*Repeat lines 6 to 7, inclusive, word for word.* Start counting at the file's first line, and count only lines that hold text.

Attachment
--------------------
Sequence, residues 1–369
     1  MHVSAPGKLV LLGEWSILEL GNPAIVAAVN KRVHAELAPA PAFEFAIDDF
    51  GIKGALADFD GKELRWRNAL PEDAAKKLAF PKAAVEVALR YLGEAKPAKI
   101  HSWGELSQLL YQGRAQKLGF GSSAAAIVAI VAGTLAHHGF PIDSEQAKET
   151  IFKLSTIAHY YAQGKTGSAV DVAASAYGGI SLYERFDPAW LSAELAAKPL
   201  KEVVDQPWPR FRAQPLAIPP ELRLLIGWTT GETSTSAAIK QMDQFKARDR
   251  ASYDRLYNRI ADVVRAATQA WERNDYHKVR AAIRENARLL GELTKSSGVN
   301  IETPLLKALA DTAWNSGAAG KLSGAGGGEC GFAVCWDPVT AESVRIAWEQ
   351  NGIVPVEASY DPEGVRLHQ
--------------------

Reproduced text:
   201  KEVVDQPWPR FRAQPLAIPP ELRLLIGWTT GETSTSAAIK QMDQFKARDR
   251  ASYDRLYNRI ADVVRAATQA WERNDYHKVR AAIRENARLL GELTKSSGVN